Film Reviews, News & Competitions



Aida And More … In Live Cinema Revolution


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Posted August 11, 2015 by


Benedict Cumberbatch’s Hamlet. Tim Hiddleston’s Coriolanus. Chiwetel Ejiofor’s Everyman. Tickets for these standout stage plays may be scarcer than Ben Grimm’s pants but that doesn’t mean you have to miss out. Thanks to visionaries such as CinemaLive, NT Live and Digital Theatre, opera, drama and dance lovers need no longer queue all day to catch those sold-out productions. They can simply pop down to their local cinema.

A few years ago, many would have argued that viewing live drama in a cinema was the absolute antithesis of the theatre experience. But with short-run plays in big demand, live theatre screenings are starting to win over the cynics. No only do they bring in revenue for the theatres and open up the experience to new audiences, but they allow those of us on smaller budgets to see plays in ‘comfort – in good seats!

In September, Opera Australia’s magnificent production of Verdi’s Aida On Sydney Harbour joins the growing list of this Summer’s must-see ‘event cinema’.

For one night only (15th September) multiplexes, independent cinemas and arts centres will screen this spectacular outdoor production which performed to 3,000 people per night during its run on Sydney Harbour.

Featuring the Australia Opera and Ballet Orchestra and Opera Australia Chorus under the baton of Brian Castles-Onion, the international cast includes American soprano Latonia Moore (Aida) whose meteoric rise following her debut at the Met in 2012 has seen her perform the title role of Aida to huge acclaim. Making his Australian debut as Radamès is the internationally renowned Italian tenor Walter Fraccaro while the diva- knock out Milijana Nikolic takes the role of Amneris, daughter of the King of Egypt.  Australia’s popular baritone (and ex-banker) Michael Honeyman plays Amonasro, the King of Ethiopia while award-winning bass David Parkin performs as Ramfis, the High Priest.  Completing this outstanding cast of principals is Eva Kong the Sydney based soprano who takes the role of the High Priestess and the Australian tenor Benjamin Rasheed who plays the Messenger.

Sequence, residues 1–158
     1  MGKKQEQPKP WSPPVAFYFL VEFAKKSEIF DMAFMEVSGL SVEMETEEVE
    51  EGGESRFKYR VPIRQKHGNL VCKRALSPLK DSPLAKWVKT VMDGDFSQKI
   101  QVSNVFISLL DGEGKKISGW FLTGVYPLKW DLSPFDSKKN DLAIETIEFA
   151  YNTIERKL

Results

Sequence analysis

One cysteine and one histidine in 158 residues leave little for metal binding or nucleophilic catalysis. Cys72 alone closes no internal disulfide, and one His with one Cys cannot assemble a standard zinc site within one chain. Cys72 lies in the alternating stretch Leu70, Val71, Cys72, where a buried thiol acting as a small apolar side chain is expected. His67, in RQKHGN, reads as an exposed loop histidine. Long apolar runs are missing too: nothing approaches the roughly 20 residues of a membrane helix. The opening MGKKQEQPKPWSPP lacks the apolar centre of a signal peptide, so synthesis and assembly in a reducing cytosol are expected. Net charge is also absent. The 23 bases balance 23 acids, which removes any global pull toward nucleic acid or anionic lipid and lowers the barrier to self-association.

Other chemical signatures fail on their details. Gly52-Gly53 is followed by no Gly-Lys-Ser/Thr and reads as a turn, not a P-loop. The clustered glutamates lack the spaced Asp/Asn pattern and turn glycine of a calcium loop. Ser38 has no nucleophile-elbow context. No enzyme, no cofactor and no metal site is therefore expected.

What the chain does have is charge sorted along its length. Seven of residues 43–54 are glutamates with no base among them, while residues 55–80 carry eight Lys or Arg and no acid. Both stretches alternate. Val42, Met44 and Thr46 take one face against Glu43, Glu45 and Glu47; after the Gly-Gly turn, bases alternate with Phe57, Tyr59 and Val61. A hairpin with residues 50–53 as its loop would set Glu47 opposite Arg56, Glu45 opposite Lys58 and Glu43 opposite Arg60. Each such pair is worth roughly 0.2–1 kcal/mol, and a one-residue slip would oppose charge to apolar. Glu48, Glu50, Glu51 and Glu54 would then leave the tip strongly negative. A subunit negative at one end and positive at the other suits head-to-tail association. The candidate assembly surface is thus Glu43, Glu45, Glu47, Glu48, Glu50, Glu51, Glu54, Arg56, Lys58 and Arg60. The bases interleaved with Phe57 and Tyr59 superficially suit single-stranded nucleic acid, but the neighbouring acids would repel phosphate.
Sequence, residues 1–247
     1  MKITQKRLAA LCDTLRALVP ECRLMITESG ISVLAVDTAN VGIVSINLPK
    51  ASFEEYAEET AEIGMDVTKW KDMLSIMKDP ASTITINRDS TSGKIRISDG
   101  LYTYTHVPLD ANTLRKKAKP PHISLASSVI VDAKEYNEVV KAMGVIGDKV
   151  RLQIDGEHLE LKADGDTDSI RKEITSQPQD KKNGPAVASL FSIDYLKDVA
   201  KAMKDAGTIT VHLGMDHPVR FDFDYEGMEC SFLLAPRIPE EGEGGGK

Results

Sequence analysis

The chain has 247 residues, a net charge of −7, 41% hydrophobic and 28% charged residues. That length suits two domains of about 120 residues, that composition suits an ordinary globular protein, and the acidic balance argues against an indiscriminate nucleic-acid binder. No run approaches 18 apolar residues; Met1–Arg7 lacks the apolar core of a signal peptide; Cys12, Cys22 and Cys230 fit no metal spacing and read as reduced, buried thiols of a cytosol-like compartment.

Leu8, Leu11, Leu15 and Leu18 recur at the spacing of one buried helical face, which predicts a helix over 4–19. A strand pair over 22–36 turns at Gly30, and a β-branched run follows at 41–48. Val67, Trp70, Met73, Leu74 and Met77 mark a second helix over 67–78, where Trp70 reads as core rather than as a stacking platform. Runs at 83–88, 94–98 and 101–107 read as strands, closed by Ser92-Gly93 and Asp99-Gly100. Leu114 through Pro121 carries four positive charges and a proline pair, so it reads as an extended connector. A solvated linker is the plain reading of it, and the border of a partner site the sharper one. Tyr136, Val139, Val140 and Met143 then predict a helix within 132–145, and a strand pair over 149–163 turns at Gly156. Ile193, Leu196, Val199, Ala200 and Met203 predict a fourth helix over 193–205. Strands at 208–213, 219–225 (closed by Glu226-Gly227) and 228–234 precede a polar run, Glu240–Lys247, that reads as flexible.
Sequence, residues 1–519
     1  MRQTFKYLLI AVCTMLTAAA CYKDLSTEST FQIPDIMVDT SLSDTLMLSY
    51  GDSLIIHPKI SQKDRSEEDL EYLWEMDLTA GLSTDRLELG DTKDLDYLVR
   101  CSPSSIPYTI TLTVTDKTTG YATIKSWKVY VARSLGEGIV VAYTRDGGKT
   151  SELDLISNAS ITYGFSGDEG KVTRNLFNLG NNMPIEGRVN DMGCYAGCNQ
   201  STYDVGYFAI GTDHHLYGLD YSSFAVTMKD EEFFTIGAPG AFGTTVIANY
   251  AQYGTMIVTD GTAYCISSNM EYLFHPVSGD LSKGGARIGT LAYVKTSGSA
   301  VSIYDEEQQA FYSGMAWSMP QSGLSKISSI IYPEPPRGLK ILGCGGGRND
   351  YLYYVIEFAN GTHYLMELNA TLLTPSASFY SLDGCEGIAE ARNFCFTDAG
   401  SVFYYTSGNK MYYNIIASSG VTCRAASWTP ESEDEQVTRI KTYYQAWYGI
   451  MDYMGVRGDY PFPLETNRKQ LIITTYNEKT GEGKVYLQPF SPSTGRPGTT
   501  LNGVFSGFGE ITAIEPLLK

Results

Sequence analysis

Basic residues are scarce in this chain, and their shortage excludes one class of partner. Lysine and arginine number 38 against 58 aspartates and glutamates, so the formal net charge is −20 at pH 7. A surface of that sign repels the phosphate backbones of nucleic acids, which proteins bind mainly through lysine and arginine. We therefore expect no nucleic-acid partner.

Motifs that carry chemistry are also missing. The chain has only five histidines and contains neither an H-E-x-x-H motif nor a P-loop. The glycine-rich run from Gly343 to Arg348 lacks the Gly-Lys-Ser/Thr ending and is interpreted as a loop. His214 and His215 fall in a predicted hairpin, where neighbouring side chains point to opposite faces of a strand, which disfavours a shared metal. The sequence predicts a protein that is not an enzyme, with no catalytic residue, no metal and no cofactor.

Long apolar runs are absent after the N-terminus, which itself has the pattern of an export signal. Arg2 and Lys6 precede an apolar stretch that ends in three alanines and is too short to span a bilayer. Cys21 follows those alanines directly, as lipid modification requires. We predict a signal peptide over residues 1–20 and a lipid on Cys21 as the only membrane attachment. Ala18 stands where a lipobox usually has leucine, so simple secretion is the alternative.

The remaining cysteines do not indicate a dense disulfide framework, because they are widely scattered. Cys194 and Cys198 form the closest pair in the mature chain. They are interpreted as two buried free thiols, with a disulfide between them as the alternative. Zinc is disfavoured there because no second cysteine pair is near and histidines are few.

All this is set against the stunning backdrop of Sydney’s skyline, stars, a crescent moon,  a kaleidoscopic spectacle on stage, and a fireworks display, for an evening to remember.

Opera Australia’s Spectacular Production of Aida On Sydney Harbour is in cinemas on 15th September. See participating cinemas or visit for details.

Paula Hammond - Features Editor

Paula Hammond is a full-time, freelance journalist. She regularly writes for more magazines than is healthy and has over 25 books to her credit. When not frantically scribbling, she can be found indulging her passions for film, theatre, cult TV, sci-fi and real ale. If you should spot her in the pub, after five rounds rapid, she’ll be the one in the corner mumbling Ghostbusters quotes and waiting for the transporter to lock on to her signal… Email:


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